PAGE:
Co-authored by Donald Thea and George Annas
As the Olympics draw near, is it time to reassess the Zika risks of holding them in Brazil, or even to initiate a travel ban on Rio? 100 "experts" seem to think so. On May 27, they released an open letter to the World Health Organization urging that the Olympics, scheduled for August, be postponed or moved "in the name of public health." They are entitled to their opinion, but they have no special warrant to speak in the name of public health. Their letter is naked fear mongering, and their call to isolate Rio from the rest of the world should be ignored.
The duty of public health officials is to act objectively and scientifically to assess the risks to health, and then propose actions to prevent or mitigate these risks. There is now no doubt that Zika is a health risk to pregnant women and their fetuses, as well as to a very small minority of non-pregnant adults. Certainly pregnant women should be counseled to avoid traveling to areas where Zika is present and to take precautions against mosquitoes if they must travel to these places. While it is clear that Brazil has recently experienced a very real Zika virus epidemic, there are numerous social, epidemiological, biological and insect-related factors that determine whether the 500,000 or so estimated global visitors who will visit the Olympics in Brazil will create a risk of substantially accelerating the spread of this epidemic to the far corners of the world. There are also indications that the force of the epidemic is beginning to dissipate in Brazil. The July-August summer months during which the games will be played are low season for mosquitos, and the Brazilian military has been mobilized to diminish mosquito populations in urban areas through area-wide fogging with insecticides.
We thought the WHO overreacted to Zika by declaring it a public health emergency of international concern earlier this year. We continue to believe that invoking a "public health emergency" label is based on little new science informing us of the extent of quantifiable risk to individuals, and serves to incite both public health and health professionals to overreact.
Their fundamental justification to move the Olympics is that the half million or so visitors to Brazil will become human reservoirs and bring the virus back to their home countries to spread. But this assertion is not based on a good understanding of the dynamics of this disease. Zika is really a problem of poverty. Zika's explosive spread in Latin America has largely occurred among the poor populations and in areas where the built environment is very poorly developed. These physically disorganized urban slum areas have much standing water where the mosquitos can reproduce, and few functional screens or air conditioning to provide human-insect barriers, thus optimizing vector breeding and human exposure to infected mosquitos.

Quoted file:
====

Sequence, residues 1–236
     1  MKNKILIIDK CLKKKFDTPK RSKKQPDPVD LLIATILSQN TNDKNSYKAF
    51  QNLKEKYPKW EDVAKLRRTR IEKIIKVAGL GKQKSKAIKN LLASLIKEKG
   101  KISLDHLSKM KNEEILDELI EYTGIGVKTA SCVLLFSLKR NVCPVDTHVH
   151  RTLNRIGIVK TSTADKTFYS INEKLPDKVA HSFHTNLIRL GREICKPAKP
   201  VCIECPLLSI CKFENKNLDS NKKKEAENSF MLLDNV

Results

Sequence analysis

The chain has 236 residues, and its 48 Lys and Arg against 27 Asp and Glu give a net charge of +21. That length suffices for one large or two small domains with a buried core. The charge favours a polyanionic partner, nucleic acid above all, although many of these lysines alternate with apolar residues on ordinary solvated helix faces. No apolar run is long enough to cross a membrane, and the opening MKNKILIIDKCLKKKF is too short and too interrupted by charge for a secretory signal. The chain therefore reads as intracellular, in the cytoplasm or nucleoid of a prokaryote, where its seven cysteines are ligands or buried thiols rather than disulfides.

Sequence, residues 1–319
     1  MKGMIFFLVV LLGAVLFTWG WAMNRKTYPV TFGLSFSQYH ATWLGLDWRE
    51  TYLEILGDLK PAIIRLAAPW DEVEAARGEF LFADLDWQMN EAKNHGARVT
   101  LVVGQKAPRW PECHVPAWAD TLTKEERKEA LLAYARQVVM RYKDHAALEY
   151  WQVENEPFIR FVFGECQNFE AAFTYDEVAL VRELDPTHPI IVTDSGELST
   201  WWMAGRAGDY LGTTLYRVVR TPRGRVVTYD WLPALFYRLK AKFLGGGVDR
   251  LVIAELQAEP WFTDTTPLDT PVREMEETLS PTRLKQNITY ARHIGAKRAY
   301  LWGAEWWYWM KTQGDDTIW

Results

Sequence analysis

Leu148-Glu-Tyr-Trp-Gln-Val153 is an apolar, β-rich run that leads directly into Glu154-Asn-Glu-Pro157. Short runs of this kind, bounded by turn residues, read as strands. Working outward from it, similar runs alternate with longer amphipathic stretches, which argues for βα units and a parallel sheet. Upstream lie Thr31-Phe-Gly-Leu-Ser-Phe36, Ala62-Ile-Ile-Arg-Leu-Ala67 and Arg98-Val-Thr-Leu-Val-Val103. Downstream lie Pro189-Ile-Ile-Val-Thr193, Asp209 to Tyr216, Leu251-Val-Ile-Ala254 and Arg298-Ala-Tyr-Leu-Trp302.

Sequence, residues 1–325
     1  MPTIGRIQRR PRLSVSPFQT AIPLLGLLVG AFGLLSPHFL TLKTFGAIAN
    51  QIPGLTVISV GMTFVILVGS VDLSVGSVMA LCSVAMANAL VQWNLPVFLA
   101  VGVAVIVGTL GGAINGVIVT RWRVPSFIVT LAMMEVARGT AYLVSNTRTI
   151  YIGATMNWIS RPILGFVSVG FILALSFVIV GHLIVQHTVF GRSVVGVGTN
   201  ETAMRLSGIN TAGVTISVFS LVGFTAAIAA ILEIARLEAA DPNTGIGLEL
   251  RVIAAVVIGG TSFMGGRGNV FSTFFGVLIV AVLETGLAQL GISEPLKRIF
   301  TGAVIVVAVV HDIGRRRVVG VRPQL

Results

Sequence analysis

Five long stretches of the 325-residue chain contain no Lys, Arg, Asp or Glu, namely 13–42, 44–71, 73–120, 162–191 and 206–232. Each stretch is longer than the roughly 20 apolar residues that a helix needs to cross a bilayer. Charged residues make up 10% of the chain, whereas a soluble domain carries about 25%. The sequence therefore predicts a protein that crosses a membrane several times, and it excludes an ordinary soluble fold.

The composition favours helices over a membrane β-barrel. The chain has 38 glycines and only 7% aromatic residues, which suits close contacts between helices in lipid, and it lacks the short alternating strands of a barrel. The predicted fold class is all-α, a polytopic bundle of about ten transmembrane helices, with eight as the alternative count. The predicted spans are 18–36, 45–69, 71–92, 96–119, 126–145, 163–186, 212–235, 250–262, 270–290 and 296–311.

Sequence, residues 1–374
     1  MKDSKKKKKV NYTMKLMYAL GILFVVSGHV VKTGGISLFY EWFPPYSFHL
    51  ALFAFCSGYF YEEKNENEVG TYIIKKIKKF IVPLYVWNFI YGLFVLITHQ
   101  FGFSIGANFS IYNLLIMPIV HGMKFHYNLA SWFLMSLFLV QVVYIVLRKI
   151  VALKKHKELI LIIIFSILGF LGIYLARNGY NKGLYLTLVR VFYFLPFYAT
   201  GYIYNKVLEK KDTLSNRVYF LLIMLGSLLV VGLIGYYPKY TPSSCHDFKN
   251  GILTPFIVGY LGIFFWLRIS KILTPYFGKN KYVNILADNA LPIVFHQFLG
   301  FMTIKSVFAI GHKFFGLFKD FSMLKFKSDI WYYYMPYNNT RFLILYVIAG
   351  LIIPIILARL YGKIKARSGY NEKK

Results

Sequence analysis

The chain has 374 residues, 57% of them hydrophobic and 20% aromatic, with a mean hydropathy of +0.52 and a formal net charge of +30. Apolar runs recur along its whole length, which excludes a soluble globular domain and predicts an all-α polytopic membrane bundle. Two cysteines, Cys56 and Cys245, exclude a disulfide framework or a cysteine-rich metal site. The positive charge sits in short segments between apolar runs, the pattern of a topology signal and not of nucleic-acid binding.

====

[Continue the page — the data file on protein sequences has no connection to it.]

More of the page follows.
Visitors who can afford to attend the Olympics have a very small chance of becoming infected during their short stay. Moreover, even if they are infected, they will return to their homes -- in relatively wealthy environments where they will likely face little exposure to biting mosquitoes -- and this will be an epidemic "dead end." Dengue, a virus similar to Zika that is transmitted by the same vector, can teach us much about this. While it has raged in Central America and the Caribbean, it has not established a beachhead in the U.S. (except a very limited outbreak in Key West in 2010) -- largely because of these factors. Similarly, rich people visiting the Olympics from poor countries will not be the main transit route into their country for Zika -- that will happen, as is occurring throughout Latin America today, by the vast transmigration between countries by the general population.
Moreover, it is worthwhile from a public health perspective to contrast the non-threat of Zika at the Olympics with the real threat of the mass "migration" of old world infectious disease (e.g. polio, measles, MDR tuberculosis, and leishmaniasis) via the total breakdown of health services in Syria and now the mass migration of Syrian refugees to bordering states and up into Europe.
If one really believed that Zika's spread by travelers to Rio could create a global health crisis, the remedy is not to move the Olympics, but to shut down all tourism to Rio. To call off the Olympics because of the anticipated but false threat of accelerated dissemination of Zika by the relatively few visitors from each country risks substantial economic damage to Brazil's already fragile economy, as well as to the hard-fought dreams of countless elite athletes.
The head of the CDC, Tom Frieden, is correct in concluding that "there is no public health reason to cancel or delay the Olympics." The Brazilian Society of Bioethics recently voiced a similar opinion, stating in an open letter written in response to the call to move the games, that they did not "see at the moment scientific grounds to suspend or postpone" the Olympics. Common sense public health reasonably concludes that as of today it is safe for men and non-pregnant women to attend the Olympics in Brazil this summer, as long as they take reasonable precautions to avoid getting bitten by mosquitoes.
Don Thea, MD, is Professor of Global Health and Director of the Center for Global Health and Development, George Annas, JD, MPH, is the William Fairfield Warren Distinguished Professor and Director of the Center for Health Law, Ethics, and Human Rights, and Sandro Galea, MD, DrPH, is the Robert A Knox Professor and Dean, all at the Boston University School of Public Health.